During his voyage on the Beagle, Charles Darwin made many observations that helped him develop his theory of evolution. He was also influenced by other early thinkers — including Lamarck, Lyell, and Malthus — as well as his own knowledge of artificial selection. Darwin’s book, On the Origin of Species, clearly spells out his theory of evolution by natural selection and also provides a great deal of evidence to support it.
- CA.9–12.IE.1.k, n; CA.9–12.LS.7.d; CA.9–12.LS.8.b
- NSES.9–12.C.3.1, 2, 4; NSES.9–12.F.2.1, 3; NSES.9–12.G.3.3, 4
- AAAS.9–12.5.B.5; AAAS.9–12.5.F.1, 4, 7, 9; AAAS.9–12.10.D.1, 2, 3; AAAS.9–12.10.H.1, 2, 3, 4
- McREL.9–220.127.116.11, 4; McREL.9–18.104.22.168, 5; McREL.9–22.214.171.124, 2; McREL.9–126.96.36.199
- State Darwin’s theory of evolution by natural selection.
- Describe observations Darwin made on the voyage of the Beagle.
- Identify influences on Darwin’s development of evolutionary theory.
- Explain how a species can evolve through natural selection.
artificial selection: process in which organisms evolve traits useful to humans because people select which individuals are allowed to reproduce and pass on their genes to successive generations
fitness: relative ability of an organism to survive and produce fertile offspring
Galápagos Islands: group of 16 small volcanic islands in the Pacific Ocean 966 kilometers (600 miles) off the west coast of South America, where Darwin made some of his most important observations during his voyage on the HMS Beagle
inheritance of acquired characteristics: mistaken idea of Jean Baptiste Lamarck that evolution occurs through the inheritance of traits that an organism develops in its own lifetime
Introducing the Lesson
Ask students to recall what they already know about Charles Darwin. (Sample answers: He developed the theory of evolution; he traveled to the Galápagos Islands.) Tell the class they will learn more about Darwin in this lesson.
Assign the activities Darwin and Natural Selection and Evolution and Adaptation at the URL below. The former activity involves the observations and deductions that led Darwin to form his theory. The latter activity explores how various species have evolved adaptations to their way of life.
Tell less proficient readers to make a main ideas/details chart as they read the lesson. Instruct them to divide a sheet of paper down the middle and record the main ideas on the left side and the details for each main idea on the right side. Advise them to write one main idea for each of the main headings in the lesson. LPR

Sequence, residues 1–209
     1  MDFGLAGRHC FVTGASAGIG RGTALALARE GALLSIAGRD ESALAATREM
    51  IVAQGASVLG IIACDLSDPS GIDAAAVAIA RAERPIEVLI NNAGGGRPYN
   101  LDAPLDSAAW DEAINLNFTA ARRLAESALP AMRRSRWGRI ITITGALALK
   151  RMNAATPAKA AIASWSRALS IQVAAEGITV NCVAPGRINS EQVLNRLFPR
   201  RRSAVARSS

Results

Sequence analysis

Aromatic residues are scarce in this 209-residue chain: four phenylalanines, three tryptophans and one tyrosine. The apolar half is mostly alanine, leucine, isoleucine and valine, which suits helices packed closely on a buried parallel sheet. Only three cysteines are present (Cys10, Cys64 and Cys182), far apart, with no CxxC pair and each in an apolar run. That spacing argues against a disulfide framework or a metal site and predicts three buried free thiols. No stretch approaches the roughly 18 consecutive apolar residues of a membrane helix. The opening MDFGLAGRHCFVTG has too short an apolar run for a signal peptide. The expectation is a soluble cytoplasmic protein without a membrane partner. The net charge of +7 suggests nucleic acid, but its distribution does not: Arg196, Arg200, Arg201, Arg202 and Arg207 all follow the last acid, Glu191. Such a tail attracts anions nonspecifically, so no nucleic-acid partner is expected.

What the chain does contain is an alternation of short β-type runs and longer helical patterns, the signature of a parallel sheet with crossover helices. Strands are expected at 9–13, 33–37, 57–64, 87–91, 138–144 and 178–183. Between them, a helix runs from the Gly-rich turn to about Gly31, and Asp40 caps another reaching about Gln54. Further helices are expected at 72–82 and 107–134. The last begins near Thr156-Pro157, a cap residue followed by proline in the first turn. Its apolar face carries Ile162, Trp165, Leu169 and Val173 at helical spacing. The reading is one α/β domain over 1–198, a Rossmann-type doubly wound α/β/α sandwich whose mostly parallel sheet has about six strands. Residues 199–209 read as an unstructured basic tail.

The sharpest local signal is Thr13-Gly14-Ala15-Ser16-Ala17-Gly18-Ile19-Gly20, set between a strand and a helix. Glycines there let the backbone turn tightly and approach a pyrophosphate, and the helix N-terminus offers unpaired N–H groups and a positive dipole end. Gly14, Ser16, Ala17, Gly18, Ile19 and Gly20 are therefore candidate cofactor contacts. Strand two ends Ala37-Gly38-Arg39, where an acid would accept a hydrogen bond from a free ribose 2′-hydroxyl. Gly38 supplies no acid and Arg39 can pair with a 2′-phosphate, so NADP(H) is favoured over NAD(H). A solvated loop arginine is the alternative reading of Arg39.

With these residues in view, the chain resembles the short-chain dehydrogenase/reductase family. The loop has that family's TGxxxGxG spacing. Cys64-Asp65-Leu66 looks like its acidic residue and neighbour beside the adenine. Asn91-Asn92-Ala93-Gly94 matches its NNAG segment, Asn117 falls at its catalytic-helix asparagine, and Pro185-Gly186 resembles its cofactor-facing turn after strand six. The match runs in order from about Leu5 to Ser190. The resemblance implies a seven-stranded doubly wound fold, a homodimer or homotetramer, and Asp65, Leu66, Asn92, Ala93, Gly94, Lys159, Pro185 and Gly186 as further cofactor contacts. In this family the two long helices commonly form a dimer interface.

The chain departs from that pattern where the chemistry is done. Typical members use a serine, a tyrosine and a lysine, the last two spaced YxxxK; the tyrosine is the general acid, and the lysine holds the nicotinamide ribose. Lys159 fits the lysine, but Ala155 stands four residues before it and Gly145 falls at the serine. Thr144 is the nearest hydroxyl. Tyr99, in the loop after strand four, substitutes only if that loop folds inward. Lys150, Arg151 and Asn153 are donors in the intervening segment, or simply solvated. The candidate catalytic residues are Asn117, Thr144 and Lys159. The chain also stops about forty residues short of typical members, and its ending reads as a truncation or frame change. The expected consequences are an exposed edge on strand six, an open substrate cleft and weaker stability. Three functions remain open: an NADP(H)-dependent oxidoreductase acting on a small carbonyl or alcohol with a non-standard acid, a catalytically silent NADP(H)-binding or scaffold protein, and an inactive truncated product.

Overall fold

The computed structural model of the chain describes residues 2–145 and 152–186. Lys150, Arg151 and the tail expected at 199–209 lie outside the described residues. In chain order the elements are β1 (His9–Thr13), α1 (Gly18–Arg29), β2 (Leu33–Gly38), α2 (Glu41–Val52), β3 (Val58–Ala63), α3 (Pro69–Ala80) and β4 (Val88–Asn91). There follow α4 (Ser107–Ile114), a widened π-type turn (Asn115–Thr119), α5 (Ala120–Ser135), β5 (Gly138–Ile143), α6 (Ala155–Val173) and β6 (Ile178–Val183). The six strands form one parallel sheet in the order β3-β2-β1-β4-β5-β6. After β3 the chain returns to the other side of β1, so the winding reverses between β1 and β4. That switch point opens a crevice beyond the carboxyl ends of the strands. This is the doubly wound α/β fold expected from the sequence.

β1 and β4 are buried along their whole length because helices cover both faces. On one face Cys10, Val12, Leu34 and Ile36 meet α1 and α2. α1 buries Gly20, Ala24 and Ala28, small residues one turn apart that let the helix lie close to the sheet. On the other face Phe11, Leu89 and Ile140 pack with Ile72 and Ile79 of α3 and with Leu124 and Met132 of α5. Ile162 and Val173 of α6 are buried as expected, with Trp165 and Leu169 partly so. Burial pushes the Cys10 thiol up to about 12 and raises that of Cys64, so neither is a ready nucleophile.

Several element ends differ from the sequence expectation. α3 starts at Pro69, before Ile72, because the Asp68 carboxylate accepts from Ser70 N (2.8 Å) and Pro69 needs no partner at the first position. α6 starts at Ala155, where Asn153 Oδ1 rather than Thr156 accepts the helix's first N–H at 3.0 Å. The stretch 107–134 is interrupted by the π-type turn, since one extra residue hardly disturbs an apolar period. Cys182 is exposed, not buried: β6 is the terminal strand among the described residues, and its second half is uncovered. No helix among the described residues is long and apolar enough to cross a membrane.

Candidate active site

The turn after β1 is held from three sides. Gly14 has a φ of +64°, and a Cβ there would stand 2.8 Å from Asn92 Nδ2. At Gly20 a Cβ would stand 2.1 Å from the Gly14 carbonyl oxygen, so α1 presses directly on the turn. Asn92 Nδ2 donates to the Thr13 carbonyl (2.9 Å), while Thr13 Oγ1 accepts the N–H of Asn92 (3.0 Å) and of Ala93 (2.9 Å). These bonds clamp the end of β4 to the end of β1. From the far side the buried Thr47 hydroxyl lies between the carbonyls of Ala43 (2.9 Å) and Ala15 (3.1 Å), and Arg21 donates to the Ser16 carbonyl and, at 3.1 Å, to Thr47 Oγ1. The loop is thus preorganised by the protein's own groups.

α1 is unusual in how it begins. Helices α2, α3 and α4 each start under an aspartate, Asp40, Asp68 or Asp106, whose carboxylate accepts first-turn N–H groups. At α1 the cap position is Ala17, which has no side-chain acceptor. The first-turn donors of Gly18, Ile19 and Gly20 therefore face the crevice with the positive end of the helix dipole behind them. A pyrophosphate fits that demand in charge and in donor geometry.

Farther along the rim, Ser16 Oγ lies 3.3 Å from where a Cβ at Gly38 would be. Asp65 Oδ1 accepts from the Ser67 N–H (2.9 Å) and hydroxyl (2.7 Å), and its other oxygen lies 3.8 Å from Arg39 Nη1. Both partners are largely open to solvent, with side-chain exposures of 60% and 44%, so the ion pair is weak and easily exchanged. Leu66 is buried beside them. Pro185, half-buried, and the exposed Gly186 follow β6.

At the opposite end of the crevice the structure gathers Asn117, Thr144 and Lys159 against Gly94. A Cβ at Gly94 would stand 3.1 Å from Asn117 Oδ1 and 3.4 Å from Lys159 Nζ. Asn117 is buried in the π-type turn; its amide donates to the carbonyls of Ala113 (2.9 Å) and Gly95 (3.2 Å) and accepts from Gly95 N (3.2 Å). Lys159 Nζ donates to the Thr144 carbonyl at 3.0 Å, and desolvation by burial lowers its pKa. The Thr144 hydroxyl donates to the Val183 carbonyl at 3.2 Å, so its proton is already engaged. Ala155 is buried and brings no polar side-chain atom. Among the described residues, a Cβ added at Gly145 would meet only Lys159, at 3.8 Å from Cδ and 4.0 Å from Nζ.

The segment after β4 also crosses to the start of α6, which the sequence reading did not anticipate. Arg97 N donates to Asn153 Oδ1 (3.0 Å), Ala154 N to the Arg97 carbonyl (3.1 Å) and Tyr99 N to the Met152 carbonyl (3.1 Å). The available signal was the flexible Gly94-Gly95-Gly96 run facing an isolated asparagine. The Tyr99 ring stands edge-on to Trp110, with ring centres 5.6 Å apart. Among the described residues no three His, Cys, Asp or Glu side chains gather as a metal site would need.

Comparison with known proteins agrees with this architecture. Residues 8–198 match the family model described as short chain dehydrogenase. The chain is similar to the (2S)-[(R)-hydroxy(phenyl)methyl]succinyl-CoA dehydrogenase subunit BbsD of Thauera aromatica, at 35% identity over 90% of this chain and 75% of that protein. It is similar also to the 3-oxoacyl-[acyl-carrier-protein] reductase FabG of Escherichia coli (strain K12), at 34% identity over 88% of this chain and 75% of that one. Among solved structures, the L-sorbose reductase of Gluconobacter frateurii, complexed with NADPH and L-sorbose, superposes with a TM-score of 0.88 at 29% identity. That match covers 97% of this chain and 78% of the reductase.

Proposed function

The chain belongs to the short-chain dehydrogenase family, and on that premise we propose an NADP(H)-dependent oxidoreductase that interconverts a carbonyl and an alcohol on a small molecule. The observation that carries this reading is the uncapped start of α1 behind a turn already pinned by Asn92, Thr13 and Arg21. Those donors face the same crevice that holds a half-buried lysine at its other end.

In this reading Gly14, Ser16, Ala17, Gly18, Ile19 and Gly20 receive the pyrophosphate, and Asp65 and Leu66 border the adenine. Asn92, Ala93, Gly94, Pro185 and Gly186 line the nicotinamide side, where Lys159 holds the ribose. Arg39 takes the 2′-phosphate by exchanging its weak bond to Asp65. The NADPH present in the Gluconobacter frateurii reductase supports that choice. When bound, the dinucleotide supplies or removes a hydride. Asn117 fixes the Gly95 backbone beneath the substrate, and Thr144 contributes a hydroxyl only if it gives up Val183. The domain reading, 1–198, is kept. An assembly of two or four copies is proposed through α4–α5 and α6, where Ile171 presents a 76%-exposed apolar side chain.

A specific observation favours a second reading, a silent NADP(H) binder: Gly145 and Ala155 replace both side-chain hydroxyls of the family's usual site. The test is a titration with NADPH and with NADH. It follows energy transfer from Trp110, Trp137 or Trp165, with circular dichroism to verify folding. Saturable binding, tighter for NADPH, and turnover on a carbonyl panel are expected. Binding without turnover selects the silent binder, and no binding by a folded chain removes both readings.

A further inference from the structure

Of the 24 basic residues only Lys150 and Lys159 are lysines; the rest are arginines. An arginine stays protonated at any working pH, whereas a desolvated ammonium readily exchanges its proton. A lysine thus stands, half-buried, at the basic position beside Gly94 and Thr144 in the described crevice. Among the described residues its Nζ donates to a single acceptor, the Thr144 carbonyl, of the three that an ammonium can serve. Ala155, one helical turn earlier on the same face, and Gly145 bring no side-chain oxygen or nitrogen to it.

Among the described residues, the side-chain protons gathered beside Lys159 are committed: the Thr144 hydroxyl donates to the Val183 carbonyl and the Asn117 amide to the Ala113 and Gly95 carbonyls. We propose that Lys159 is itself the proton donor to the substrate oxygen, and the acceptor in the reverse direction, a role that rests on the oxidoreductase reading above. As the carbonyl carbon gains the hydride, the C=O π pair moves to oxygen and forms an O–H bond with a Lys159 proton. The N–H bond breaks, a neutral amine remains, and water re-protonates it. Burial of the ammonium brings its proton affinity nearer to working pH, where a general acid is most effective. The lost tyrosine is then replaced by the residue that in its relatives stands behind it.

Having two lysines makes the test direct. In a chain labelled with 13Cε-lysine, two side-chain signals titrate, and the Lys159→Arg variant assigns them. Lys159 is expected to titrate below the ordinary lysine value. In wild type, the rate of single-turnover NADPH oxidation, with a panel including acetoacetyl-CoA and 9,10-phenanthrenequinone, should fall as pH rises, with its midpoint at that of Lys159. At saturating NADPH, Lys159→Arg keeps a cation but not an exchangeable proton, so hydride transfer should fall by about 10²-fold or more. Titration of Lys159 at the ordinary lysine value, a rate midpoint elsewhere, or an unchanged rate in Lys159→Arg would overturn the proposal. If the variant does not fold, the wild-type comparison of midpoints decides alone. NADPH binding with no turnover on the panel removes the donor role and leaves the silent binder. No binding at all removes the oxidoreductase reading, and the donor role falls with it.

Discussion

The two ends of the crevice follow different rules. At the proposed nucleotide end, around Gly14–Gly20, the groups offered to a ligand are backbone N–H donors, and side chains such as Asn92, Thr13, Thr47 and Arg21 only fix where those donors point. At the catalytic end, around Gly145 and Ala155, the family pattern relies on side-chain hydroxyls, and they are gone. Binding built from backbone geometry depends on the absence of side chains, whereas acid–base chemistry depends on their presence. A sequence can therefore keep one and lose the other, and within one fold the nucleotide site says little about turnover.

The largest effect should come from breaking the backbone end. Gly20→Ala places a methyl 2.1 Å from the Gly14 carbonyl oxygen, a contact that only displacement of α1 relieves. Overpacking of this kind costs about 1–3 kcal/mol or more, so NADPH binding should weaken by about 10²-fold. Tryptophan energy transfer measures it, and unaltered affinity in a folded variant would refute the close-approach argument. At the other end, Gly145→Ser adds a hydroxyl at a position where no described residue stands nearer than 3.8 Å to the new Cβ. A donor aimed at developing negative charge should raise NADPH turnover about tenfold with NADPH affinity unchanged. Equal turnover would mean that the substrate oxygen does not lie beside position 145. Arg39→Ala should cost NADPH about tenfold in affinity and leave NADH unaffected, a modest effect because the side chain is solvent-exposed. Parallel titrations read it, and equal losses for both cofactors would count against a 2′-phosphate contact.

Gifted students may be interested in reading Darwin’s own words. Suggest that they read Chapter 3, “The Struggle for Existence,” in Darwin’s book, On the Origin of Species. (They can access the chapter online at the URL below.) The chapter provides an overview of Darwin’s main ideas.
Discuss why Darwin waited so long to publish his theory of evolution as an example of how society influences science. Relate the discussion to current issues in science and society. For example, discuss social pressure to restrict stem cell research. Ask students to state their views on the issue.
Challenge groups of students to apply Darwin’s theory to explain the evolution to antibiotic resistance in bacteria. They can learn more about the problem at the URL below.
When you discuss the theory of evolution, make sure students do not have the misconception that a scientific theory is just any explanation, which is how the term theory is used in everyday language. Explain that a scientific theory, such as the theory of evolution, is a widely accepted explanation that is supported by a great deal of evidence and can explain many natural phenomena. You may want to show the video Isn't Evolution Just a Theory? (see URL below).
Reinforce and Review
Copy and distribute the lesson worksheets in the CK-12 Biology Workbook. Ask students to complete the worksheets alone or in pairs as a review of lesson content.
Have students answer the Review Questions listed at the end of the lesson in the FlexBook®.
Points to Consider
Darwin’s book On the Origin of Species is a major milestone in science. It introduced biology’s most important theory. It also provided an excellent example of how to think like a scientist. A scientist uses evidence and logic to understand the natural world. In this lesson, you read about some of the evidence Darwin used. This evidence included fossils and artificial selection.
- What other evidence might be used to show that evolution occurs? What about evidence based on molecules?
- Do you think it’s possible to see evolution occurring? How might that happen?